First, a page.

(2 of 2)
Most of Mydans' work was done for LIFE, which he joined in 1936 as the first issue was going to press. But he took his first pictures of consequence in the preceding year. At the age of 28, he joined the fabled team of photographers for the historical section of the U.S. Farm Security Administration, a group that included Walker Evans, Dorothea Lange and Ben Shahn. Examining an impoverished rural America, they made some of photography's most trenchant and memorable images. In the FSA, Mydans learned the moral dimension of photography. No eye cast upon the hardships of those years could afterward decline into a tool for pretty picturemaking. A natural storyteller, he also learned with the FSA to look for his story in faces, in the unsettled gaze of transient cotton choppers and the cocksure grins of oilfield roustabouts.
At LIFE, Mydans met his wife Shelley. They became a reporter-photographer team, covering Mussolini's Italy, the fall of France and wartime London. By 1941 Mydans was in Chungking to record China as it was devoured by Japan. The next year he and his wife were captured by the Japanese in Manila. They spent nearly two years in prison camps in the Philippines and China, fending off malnutrition and chafing at the thought of the stories they were missing on the outside.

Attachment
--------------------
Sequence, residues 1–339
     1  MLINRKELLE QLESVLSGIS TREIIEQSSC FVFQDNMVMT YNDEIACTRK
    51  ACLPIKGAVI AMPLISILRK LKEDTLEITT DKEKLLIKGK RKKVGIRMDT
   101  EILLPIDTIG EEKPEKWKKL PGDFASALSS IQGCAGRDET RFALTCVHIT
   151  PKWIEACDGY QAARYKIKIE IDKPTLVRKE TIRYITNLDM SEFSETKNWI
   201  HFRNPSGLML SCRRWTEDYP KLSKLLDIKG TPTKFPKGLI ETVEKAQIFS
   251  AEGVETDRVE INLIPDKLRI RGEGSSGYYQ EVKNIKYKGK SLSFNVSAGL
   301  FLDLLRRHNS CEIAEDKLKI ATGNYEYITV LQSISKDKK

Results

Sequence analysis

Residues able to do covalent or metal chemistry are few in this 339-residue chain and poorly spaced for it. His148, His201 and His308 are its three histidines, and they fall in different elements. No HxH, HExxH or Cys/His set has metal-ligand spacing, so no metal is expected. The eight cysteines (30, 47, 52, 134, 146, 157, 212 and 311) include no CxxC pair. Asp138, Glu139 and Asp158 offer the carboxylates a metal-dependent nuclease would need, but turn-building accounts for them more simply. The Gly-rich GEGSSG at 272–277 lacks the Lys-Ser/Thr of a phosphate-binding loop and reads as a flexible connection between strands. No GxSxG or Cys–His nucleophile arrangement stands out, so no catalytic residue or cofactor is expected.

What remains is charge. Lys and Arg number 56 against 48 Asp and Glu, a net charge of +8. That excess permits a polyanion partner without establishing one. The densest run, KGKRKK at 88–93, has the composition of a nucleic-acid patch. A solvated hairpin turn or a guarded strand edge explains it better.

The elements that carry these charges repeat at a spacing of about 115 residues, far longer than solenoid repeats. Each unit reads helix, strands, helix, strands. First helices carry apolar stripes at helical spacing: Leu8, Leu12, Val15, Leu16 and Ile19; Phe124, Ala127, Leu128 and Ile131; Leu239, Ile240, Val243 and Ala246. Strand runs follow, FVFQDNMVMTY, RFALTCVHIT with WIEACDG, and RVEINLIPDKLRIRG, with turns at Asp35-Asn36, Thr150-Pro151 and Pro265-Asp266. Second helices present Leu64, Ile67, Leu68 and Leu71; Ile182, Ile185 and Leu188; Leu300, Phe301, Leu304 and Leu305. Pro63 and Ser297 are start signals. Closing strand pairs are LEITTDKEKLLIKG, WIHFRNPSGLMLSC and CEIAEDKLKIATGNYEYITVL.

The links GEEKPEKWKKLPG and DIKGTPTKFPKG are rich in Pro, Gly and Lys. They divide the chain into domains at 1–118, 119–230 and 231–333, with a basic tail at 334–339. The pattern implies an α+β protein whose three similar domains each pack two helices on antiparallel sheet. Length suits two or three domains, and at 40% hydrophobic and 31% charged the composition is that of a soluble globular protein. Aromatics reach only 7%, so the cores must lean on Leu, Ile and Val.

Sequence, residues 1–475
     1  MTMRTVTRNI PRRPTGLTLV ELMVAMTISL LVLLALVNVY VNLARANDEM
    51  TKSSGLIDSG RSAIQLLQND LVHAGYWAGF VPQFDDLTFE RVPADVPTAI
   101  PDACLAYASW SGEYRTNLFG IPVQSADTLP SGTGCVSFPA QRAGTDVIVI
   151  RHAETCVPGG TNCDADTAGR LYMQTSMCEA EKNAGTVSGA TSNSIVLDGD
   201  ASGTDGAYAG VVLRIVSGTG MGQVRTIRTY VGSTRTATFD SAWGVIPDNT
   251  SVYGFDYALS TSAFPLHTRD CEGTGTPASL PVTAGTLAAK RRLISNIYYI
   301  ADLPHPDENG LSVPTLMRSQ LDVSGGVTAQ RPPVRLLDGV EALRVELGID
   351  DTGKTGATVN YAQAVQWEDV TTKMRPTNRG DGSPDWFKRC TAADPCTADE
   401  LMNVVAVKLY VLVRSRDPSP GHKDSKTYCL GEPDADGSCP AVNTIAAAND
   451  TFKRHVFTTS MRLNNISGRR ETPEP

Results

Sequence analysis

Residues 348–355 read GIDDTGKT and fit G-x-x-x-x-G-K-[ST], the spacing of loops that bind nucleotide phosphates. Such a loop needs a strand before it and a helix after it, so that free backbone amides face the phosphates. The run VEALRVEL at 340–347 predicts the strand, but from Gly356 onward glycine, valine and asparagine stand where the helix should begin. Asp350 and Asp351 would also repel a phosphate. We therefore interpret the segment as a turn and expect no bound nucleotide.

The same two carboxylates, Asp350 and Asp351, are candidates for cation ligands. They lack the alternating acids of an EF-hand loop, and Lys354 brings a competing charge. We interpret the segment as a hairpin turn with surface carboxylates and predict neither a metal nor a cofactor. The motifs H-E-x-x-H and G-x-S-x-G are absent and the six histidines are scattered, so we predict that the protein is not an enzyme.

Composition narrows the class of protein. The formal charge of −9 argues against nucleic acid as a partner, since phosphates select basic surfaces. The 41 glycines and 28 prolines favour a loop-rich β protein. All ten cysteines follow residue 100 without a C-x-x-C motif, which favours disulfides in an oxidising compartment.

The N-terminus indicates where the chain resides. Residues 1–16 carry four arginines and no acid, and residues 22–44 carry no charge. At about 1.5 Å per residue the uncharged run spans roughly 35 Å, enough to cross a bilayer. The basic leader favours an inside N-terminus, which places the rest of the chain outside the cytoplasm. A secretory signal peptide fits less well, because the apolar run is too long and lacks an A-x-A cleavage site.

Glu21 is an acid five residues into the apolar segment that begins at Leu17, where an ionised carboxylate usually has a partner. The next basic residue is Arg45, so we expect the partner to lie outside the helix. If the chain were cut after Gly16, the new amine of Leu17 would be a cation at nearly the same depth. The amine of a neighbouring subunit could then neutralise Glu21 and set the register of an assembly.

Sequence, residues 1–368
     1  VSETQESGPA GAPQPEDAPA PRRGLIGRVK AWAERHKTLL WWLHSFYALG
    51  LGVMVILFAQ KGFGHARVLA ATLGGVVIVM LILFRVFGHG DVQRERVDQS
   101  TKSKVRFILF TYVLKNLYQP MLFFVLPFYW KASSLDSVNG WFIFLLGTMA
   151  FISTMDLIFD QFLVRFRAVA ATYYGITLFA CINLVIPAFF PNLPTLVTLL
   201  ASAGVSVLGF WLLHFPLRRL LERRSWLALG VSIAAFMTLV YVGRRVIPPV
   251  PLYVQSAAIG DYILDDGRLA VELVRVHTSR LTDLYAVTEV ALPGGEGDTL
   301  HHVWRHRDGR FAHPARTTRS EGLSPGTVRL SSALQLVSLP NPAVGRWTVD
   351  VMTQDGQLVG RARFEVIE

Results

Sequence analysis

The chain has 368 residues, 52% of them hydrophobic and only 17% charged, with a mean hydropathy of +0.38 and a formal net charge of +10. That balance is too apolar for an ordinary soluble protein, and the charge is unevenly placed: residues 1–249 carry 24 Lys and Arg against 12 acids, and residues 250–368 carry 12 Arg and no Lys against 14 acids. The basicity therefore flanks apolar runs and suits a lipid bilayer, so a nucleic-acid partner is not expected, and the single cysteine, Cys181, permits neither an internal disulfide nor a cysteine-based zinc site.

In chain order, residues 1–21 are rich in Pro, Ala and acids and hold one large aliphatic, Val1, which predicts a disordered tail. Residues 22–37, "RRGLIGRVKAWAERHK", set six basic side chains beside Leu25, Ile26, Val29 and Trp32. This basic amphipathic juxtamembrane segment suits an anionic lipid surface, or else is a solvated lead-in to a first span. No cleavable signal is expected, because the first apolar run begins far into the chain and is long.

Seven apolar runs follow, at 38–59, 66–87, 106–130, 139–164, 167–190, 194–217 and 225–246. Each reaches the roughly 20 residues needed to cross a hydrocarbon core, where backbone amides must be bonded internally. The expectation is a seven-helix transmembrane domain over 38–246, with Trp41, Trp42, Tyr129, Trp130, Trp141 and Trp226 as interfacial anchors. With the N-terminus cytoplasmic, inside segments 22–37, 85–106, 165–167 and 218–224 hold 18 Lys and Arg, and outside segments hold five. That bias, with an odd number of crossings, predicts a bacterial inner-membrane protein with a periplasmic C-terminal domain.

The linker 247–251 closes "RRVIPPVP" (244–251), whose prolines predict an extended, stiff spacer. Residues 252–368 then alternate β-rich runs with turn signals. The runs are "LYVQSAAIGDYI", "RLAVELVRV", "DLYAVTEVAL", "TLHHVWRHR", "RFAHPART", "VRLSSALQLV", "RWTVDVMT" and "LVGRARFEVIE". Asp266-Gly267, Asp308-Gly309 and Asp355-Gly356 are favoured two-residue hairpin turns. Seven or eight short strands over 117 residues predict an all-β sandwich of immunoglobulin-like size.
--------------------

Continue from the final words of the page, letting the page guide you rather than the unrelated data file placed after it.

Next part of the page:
Mydans was released in time to cover the fighting in Italy and France, then accompanied General Douglas MacArthur's campaign in the Philippines, where he took one of the war's best-known shots: Mac Arthur sloshing onto the beach at Luzon. For a home front with fresh memories of the war's bleak beginnings, it was more than a picture; it was an encapsulation of every hope. Forty years later, we see not just the redoubtable general but also the canny military showman who knows that victory is the ultimate photo opportunity.
Life as theater, even as a theater of war, is a notion that emerges unexpectedly from many of these pictures, where the war sometimes seems a bizarre welter of chaos and formality, anarchy and self-conscious ceremony. The accumulated effect is not to mock human behavior as in-authentic but to acknowledge a yearning for dignity and order. Mydans' work springs from that same benign instinct. Through decades when each year put forward new varieties of suffering, he recorded the world's dislocations and helped to shape the heart's reply. --By Richard Lacayo